'The Camel's Head: Representing Unseen Animals in Sixteenth-Century Europe', Netherlands Yearbook of Art History 61 (2011), 62–85.

'A Museum of Wonders or a Cemetery of Corpses? The Commercial Exchange of Anatomical Collections in Early Modern Netherlands', in: Sven Dupré and Christoph Lüthy (eds), Silent Messengers: The Circulation of Material Objects of Knowledge in the Early Modern Low Countries, Berlin: LIT, 2011, 185–216.

'"Refer to folio and number": Encyclopedias, the Exchange of Curiosities and Practices of Identification before Linnaeus', Journal of the History of Ideas 71/1 (2010), 63–89.

'A teve feje: ismeretlen állatok ábrázolása a tizenhatodik századi Európában', 2000 (July-August 2010), 97–108 (a modified and shorter version of 'The Camel's Head' in Hungarian).

'Advertising Cadavers in the Republic of Letters: Anatomical Publications in Early Modern Netherlands', British Journal for the History of Science 42/2 (2009), 187–210.

'A hiteles zsiráf: az egzotikum ábrázolása a Reneszánszban' (= The Credible Giraffe: Imaging the Exotic in the Renaissance), in: Judit Ambrus et al. (eds), Margonauták, Budapest: MTA Rec.iti, 2009, 494–503.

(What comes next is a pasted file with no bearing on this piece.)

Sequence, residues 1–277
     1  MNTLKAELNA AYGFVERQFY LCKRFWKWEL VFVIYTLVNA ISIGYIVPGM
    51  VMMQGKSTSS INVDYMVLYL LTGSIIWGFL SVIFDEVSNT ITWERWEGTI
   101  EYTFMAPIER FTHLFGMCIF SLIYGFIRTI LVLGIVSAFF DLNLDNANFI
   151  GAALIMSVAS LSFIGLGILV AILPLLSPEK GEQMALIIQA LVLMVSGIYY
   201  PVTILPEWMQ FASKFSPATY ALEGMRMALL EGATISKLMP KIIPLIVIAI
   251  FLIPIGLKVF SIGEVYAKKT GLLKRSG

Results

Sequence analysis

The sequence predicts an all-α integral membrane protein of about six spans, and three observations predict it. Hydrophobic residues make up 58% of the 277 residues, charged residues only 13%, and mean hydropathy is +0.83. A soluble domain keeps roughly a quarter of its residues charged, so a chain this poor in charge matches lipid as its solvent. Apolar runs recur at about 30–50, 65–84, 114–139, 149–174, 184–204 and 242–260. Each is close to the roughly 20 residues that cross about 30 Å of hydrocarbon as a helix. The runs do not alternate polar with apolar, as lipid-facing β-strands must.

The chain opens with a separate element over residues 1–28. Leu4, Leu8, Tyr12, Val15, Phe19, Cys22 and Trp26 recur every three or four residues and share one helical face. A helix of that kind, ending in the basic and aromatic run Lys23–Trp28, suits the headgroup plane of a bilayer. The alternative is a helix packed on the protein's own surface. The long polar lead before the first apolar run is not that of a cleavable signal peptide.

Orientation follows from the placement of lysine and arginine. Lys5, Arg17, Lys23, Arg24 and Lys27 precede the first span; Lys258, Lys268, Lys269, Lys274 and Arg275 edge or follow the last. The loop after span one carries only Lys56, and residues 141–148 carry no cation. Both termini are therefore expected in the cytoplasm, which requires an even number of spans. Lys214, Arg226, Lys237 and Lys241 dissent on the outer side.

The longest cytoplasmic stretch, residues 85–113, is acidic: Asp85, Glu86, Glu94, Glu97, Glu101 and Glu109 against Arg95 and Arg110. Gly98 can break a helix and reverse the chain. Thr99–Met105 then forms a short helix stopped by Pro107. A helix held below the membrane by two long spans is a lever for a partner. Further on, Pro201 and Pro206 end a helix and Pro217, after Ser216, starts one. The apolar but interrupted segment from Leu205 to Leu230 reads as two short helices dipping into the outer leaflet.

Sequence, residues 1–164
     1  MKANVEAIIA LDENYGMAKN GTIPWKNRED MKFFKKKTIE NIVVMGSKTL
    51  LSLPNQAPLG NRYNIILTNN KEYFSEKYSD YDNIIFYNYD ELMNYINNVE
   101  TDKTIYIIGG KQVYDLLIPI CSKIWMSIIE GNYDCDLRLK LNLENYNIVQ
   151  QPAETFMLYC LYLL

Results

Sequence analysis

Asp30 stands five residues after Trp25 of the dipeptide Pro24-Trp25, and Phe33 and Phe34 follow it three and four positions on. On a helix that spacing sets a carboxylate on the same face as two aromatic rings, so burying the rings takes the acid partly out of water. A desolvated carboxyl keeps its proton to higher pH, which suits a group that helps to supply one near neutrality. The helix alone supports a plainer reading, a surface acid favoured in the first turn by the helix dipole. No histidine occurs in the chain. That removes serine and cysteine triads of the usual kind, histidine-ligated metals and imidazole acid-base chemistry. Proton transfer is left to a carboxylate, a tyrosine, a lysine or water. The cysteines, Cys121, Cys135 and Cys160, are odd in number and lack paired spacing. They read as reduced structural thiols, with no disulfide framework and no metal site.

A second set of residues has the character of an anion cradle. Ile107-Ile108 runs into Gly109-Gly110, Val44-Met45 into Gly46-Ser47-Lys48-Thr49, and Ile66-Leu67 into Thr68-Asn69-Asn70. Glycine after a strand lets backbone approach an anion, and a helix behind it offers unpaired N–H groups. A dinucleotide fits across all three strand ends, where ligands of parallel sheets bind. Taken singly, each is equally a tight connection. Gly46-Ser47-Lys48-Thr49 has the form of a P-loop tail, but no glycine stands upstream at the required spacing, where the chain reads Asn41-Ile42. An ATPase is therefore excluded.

'A Komáromi Csipkés Biblia Leidenben' (= The Hungarian Bible of György Komáromi Csipkés in Leiden), Magyar Könyvszemle 124/1 (2008), 15–26.

'Csöd, Tömeg, Csödtömeg: The Semantic History of the Hungarian Equivalents of Crowd', in: Jeffrey Schnapp and Matthew Tiews (eds), Crowds, Stanford University Press, 2007, 300–303.

Articles for a broader audience

'Networking with a Book, or How Vesalius Gave away his Complimentary Copies of the Fabrica', co-authored with Mark Somos and Stephen Joffe, Origins of Science as a Visual Pursuit, published on 27 October 2015.

'Utószó', afterword to Jessie Burton, A babaház úrnöje (=The Miniaturist), Budapest: Libri, 2015, 496–503.

'Spin a 3D Representation of a Beautiful 17th-Century Globe', Slate Vault, 12 December 2014.

'How One 17th-Century Artist Produced a Good Painting of an Animal He'd Never Seen', Slate Vault, 21 November 2014.

'The Mysterious Geometry of Swordsmanship, Gorgeously Illustrated', Slate Vault, 25 September 2014.

'You Want That with Pictures? How To Publish Images in a Scholarly Book'Dissertation Reviews Talking Shop, published on 28 February 2014.

'A Philosophy of Wax: The Anatomy of Frederik Ruysch', in: Joanna Ebenstein and Colin Dickey (eds), The Morbid Anatomy Anthology, New York: Morbid Anatomy Press, 2014, 82–99.

'Texts Matter, Minds Don't: An Interview with Mario Biagioli'Szabad Változók, 2007.

Dániel Margócsy

Photo credit: Sage Ross / CC BY-SA 3.0.